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F3: ID.10515 Epidemics Monitoring
10:30am - 11:30am
Session Chair: Yifang Ban
Session Chair: Chuanrong Li
Workshop: Land & Environment
Location: Sun Moon Room -2, 5.5 Floor, Junyi Dynasty Hotel
A Synthetic Approach for Estimating Distribution of Epidemic Disease Vectors
Ulster University, United Kingdom;
Development of classification models for predicting distribution and density of epidemic disease vectors, such as snails, requires large amount of training data constructed from satellite images using remote sensing methods, in conjunction with estimations of distribution of disease vectors that are obtained from field surveys. Clearly the performance of classification models is depending on the quality and size of training data, but obtaining large and high quality of training data is very labour intensive and costly. Building on the previous semi-supervised learning approach, in this report we will present the development of a synthetic approach for simulating environment training data based on labelled sample and comparative analysis over the synthetic training data and real world sample data. The report includes 1) a synthetic approach to simulating environment data for building prediction models; 2) a cumulative training approach for a semi-supervised machine learning; 3) and comparative evaluation results on synthetic data and the remote sensing data covering Dongting Lake region of China, which is provided by the Chinese partner.
A Comparison Between A Synthetic Over-Sampling Equilibrium And Observed Subsets Of Data For Schistosomiasis Disease Vector Classification
Ulster University, United Kingdom;
In this work we provide results of data mining and machine learning techniques which form the basis of our prediction model for snail density classification in relation to the Schistosomiasis epidemic disease. All experiments to date are cognitive components in the development of our prediction model for the epidemic disease Schistosomiasis. This disease is detrimental to the health of the communities of affected areas as well as the crop and cattle life. If detected for early warning of the disease, the local communities can be better prepared to deal with any consequences of a breakout.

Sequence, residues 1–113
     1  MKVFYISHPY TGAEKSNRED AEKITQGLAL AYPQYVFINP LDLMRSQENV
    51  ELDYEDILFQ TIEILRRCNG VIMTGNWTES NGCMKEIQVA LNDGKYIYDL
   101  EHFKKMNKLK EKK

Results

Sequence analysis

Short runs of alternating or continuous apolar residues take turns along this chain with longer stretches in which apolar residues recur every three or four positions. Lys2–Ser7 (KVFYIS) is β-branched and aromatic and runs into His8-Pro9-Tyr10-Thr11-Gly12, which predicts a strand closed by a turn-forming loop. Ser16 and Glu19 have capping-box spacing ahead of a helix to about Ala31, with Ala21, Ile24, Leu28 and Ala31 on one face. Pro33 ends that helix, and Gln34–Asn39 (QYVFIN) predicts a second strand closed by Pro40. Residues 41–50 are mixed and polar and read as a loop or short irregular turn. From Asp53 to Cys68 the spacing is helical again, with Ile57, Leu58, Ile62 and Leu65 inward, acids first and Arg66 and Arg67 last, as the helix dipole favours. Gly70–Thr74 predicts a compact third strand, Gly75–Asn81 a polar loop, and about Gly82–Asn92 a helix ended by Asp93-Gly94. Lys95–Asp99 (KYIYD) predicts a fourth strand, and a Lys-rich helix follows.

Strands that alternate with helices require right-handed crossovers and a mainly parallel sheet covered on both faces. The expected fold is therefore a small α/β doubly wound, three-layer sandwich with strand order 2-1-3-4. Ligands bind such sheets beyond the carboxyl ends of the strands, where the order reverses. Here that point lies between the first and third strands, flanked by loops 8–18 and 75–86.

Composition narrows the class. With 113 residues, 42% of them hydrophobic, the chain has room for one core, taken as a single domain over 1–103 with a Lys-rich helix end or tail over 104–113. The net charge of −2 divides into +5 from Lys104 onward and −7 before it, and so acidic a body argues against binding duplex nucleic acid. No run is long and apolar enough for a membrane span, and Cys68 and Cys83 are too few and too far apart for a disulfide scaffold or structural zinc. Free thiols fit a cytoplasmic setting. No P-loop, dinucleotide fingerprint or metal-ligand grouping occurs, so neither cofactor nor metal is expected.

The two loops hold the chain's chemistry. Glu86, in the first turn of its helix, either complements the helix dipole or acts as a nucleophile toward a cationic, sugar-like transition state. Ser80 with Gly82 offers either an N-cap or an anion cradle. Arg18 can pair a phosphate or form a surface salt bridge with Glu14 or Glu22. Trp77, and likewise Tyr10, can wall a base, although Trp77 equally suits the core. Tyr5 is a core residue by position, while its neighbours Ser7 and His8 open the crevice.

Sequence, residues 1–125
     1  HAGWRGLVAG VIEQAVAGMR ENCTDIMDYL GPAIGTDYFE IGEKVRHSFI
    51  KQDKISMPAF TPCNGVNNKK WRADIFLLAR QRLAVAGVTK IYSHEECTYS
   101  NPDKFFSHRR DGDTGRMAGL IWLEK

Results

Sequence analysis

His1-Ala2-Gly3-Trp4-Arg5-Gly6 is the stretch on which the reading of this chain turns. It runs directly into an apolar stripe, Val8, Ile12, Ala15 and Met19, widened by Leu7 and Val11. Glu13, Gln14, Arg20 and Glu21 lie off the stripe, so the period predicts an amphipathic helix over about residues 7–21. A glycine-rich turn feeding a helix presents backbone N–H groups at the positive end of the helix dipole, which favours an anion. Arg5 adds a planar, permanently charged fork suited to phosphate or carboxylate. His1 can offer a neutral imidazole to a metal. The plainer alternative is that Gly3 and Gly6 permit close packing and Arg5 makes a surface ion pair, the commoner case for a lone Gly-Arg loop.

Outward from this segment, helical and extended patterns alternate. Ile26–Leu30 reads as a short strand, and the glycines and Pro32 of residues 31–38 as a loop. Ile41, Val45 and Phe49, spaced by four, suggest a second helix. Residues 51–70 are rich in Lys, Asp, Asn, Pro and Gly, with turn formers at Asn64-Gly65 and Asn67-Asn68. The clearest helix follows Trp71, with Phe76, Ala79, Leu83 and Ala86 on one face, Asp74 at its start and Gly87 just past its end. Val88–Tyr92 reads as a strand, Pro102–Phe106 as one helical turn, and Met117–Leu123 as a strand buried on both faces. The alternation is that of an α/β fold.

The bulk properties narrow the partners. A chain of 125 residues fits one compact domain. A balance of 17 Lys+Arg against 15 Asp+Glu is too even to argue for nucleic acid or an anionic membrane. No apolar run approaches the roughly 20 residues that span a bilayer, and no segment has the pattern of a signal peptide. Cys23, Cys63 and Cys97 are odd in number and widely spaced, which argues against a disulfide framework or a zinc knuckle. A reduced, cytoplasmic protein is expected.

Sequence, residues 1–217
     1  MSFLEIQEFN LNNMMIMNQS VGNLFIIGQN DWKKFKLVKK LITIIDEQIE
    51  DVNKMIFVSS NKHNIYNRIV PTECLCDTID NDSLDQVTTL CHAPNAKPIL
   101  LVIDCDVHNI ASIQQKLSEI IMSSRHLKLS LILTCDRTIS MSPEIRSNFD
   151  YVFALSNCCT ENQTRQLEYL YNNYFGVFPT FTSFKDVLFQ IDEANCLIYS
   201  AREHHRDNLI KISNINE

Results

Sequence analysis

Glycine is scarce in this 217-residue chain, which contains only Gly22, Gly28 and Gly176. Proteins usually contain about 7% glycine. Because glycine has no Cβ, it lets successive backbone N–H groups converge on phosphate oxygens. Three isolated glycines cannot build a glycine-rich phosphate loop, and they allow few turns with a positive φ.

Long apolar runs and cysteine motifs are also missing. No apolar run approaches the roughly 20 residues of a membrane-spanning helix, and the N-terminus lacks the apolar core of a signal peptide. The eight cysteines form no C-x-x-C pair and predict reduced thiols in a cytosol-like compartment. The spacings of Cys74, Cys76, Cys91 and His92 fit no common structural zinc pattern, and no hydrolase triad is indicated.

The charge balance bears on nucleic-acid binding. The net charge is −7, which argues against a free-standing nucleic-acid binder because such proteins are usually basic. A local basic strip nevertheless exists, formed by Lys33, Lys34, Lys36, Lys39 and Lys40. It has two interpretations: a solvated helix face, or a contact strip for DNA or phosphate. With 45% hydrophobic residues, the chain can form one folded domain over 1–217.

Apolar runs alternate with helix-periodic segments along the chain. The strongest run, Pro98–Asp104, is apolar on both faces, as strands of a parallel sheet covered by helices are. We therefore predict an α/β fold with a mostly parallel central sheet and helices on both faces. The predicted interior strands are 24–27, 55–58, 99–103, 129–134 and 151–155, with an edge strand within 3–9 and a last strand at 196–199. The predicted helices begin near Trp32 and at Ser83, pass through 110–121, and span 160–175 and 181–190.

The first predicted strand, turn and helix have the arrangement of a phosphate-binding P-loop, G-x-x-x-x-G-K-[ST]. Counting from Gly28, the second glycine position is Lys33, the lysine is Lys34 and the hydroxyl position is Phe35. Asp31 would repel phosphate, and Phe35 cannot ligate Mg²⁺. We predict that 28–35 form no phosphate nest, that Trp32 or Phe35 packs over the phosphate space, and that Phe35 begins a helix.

The study area involved with this research is centred on the Dongting Lake area of Chengdu, China. When applied to remotely sensed data provided by our Chinese partners and the European Space Agency, we assess the performance of the synthetically created instances based on our data for classification, and the original real-world data for application with snail density classification performance accuracy.
This report gives an insight into the relationship between using a snapshot sample of environment data for epidemic disease vector classification, as opposed to the construction of an increased synthetic dataset. The synthetic data instances used are created based on the original real-world data we have using a modified version of the Synthetic Minority Over-Sampling Technique (SMOTE). The rationale behind proposing SMOTE is based on the fact that although we potentially have access to vast sources of satellite imagery with which to perform calculations for classification and prediction, this may not be the most sufficient, to achieve the greatest performance in possible classification accuracy. We have carried out testing on each year of training and testing in which we have modified the SMOTE method to achieve an equilibrium of snail density classes in order to provide balance in the sample and eliminate the likelihood of overfitting.
The problem we faced of partially complete data was initially addressed in the previous dragon symposium workshop looked at some initial methods of data imputation to assess the precision of the replacement values. The results of which showed that the proposed Double PreSuccession method proved to be the most accurate with replacing values. In this report we have also tested this method against an alternative approach which uses regression for replacing our missing data. Both of these methods were tested and analysed in comparison with the Weka replace missing values filter as a benchmark. The results with most accurate value replacements will be used as we proceed with any future missing values in a dataset.